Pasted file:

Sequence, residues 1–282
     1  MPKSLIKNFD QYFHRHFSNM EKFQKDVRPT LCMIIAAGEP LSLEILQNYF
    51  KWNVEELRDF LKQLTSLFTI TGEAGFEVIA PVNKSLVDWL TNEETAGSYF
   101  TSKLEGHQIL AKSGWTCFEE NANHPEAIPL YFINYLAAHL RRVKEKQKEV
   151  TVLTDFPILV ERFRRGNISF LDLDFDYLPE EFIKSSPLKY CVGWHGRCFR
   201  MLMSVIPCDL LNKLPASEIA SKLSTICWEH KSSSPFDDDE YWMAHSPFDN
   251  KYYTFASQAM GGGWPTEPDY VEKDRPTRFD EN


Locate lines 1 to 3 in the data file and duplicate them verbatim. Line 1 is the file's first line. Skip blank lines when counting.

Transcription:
Sequence, residues 1–282
     1  MPKSLIKNFD QYFHRHFSNM EKFQKDVRPT LCMIIAAGEP LSLEILQNYF
    51  KWNVEELRDF LKQLTSLFTI TGEAGFEVIA PVNKSLVDWL TNEETAGSYF